Terry Sawchuk was a hard man to understand off the ice throughout his life, which unfortunately, ended too soon. On the ice, he was one of the best players the NHL has ever seen. At the age of 12, Sawchuk injured his arm badly to the point that it had a serious break in it, but he never told anyone. As a result, Sawchuk had one arm that was two inches longer than the other. While it may have impacted the clothing he bought or wore, it certainly did not impact his level of play on the ice.
Sawchuk coming up with the team for a cup of coffee (7 games) in 1949-50, eventually left Detroit Red Wings GM Jack Adams with a gutsy decision to make, when he chose to trade Harry Lumsley, who was coming off a Stanley Cup Championship, to open the starting goaltender spot for Sawchuk before the 1950-51 season. Sawchuk would go on to make Adams look good, by winning the Calder Trophy that season, after leading the league in games, wins and shutouts. His 1.99 GAA was only good enough for second in the league.
The next four years, Sawchuk would do even better, as he posted a sub-2 GAA in each year, while also adding 45 shutouts, 151 wins, and more importantly, three Stanley Cup championships. Despite the success Sawchuk was having on the ice, injuries and a mental strain were taking their toll on him off the ice. As a result, he was constantly fighting injuries of all kinds, including a back injury, worries about his mental health, and a chest injury from a car accident, all impacted Sawchuk at different points in his career.
After his third Stanley Cup title in 1955, Sawchuk was traded to the Boston Bruins, in a 9-player deal. His time in Boston was cut short, as Sawchuk would "retire" from the Bruins in January 1957, from "nervous exhaustion." That summer, he would be dealt back to Detroit, where he seemed to feel more comfortable. However, the same level of success was not there for Sawchuk, mainly because of injuries, one after taking a Bobby Hull slap shot to the face, and also to his hand after having it skated over by Bob Pulford of Toronto.
That's not to say Sawchuk was bad or anything close to it, but he never did approach the sub-2 GAA he had in his first five seasons. Injuries were a primary culprit, as Sawchuk only played above 60 games in two of the seven years in his second stint with the Red Wings. This was after playing in at least 63 games each of his first full six years in the league (the seventh was when he "retired" and only played in 38).
He also never topped five shutouts in a year either, after having posted 66 in his first six-plus seasons. In 1964, he was left exposed in the Intra-League draft, and was taken by the Toronto Maple Leafs, where Sawchuk teamed up with Johnny Bower to form a very successful yet aging duo, capped by a Stanley Cup title in 1967, to this day, the last time Toronto captured the Stanley Cup.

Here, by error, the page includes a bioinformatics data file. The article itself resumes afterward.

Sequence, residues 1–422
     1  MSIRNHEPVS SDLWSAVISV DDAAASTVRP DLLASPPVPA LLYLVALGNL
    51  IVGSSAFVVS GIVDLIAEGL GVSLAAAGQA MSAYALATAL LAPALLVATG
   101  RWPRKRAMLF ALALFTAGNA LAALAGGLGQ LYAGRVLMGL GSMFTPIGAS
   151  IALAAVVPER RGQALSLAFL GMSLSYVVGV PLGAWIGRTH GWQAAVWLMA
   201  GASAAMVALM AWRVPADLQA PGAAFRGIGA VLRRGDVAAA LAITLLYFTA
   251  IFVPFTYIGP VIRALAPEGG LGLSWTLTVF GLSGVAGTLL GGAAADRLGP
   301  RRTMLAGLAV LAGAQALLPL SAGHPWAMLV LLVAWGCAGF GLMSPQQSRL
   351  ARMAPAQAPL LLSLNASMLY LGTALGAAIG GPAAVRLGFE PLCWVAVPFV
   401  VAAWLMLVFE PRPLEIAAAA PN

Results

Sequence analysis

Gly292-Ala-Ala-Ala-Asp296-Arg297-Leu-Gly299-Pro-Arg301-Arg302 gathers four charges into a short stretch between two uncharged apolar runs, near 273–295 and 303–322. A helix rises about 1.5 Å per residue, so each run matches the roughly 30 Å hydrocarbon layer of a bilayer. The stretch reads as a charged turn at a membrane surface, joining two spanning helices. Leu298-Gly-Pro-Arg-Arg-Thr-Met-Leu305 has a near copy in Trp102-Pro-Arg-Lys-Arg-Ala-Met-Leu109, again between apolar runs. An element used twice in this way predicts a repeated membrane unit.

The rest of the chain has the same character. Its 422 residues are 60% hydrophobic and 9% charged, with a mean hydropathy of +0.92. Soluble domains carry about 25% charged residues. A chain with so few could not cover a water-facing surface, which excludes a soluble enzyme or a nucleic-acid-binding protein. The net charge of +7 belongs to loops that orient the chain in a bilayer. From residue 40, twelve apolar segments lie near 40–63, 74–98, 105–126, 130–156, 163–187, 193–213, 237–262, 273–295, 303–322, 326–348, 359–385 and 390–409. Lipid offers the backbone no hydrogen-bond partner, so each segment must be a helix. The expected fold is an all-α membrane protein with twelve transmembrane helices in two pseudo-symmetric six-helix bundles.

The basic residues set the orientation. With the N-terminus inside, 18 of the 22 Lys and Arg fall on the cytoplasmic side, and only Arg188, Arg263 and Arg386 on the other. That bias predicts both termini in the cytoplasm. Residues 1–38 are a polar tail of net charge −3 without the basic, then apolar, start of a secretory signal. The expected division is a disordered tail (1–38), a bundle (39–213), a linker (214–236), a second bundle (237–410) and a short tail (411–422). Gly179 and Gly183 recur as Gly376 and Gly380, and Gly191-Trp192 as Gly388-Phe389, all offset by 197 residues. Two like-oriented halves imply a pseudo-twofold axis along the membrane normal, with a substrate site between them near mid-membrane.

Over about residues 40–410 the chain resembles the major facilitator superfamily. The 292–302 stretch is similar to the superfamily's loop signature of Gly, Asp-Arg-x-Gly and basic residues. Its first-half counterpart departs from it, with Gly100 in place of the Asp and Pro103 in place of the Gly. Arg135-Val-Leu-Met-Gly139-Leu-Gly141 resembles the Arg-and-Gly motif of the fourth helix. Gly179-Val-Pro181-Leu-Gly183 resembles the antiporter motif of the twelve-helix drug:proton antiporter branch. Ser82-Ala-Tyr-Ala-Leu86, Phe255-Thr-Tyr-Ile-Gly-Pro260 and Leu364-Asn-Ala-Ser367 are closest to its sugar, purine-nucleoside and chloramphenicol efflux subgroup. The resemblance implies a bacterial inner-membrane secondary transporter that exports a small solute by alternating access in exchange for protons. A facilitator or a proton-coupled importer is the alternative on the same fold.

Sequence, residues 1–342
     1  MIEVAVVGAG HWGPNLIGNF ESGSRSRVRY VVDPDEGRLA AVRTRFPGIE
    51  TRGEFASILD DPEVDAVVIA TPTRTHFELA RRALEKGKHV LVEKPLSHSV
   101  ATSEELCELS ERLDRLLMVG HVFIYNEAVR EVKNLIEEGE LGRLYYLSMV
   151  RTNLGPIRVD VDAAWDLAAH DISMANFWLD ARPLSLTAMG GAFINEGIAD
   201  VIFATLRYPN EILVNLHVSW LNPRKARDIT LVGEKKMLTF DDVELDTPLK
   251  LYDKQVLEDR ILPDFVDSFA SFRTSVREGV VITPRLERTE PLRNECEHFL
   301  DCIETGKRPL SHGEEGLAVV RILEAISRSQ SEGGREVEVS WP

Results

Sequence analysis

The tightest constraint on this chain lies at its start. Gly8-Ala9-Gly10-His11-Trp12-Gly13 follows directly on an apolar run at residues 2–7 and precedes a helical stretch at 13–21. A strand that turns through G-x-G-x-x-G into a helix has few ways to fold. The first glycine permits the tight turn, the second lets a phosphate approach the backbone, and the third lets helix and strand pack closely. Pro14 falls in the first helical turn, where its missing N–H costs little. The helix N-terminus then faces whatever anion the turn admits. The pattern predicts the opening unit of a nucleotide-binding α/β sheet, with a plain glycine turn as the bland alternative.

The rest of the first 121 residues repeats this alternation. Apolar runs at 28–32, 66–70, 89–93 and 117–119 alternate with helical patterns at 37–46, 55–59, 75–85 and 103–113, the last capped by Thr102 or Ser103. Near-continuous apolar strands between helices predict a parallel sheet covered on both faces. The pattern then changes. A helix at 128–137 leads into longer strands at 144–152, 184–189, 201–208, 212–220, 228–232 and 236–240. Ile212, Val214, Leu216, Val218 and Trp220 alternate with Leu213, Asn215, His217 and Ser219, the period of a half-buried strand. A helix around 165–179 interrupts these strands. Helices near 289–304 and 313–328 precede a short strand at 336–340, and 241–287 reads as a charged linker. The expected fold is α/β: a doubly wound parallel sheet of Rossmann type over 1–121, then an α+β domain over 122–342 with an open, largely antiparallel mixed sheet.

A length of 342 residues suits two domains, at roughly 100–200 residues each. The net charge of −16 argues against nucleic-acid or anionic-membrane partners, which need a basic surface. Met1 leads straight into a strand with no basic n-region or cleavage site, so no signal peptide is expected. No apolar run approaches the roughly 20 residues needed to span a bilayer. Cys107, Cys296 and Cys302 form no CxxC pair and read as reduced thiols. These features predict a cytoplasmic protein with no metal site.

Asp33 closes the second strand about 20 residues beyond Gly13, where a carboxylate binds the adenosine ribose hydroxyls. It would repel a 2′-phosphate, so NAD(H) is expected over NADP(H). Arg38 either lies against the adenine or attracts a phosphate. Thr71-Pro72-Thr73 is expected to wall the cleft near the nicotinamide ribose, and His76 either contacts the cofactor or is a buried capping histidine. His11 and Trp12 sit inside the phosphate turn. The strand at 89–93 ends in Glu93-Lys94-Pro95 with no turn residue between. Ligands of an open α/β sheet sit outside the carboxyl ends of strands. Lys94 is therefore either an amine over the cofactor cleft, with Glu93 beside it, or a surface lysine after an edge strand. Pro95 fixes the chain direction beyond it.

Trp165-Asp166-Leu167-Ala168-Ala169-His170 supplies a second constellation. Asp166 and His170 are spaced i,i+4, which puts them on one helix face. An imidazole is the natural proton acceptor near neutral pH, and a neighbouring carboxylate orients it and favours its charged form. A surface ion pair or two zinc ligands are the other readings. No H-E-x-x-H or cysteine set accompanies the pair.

After that Cup, his career took a downturn of sorts, being taken by the Los Angeles Kings in the 1967 Expansion Draft, where he played in just 36 games in the 1967-68 season before being dealt back to the Detroit Red Wings for a third stint. He played in one more season for the Red Wings, suiting up for just 13 games and was dealt that off-season to the New York Rangers, where he would play the final eight games of his career.
Tragedy found Sawchuk on the night of April 29, 1970, when he was allegedly wrestling and/or horsing around with teammate and close friend Ron Stewart, when Sawchuk fell awkwardly and needed to be rushed to a hospital. It led to the removal of Sawchuk's gall bladder, and about a month later, Sawchuk died from internal injuries brought on likely different events and injuries throughout his career.
His career numbers were about as good as anyone could ever hope for, as he was the first goalie to net 100 shutouts. In 971 career games, he had a record of 447-330-172, a GAA of 2.51 and 103 shutouts. Those numbers left Sawchuk as the game's all-time leader in wins and shutouts at the time his career ended. Due to the tragic nature of his untimely death, the normal five-year waiting period for election to the Hockey Hall of Fame was waived, and Sawchuk was inducted in 1971. He is in the top five of all-time goalies, and a case could easily be made for him to hold the top spot. Surprisingly, he is only No.2 on this list however.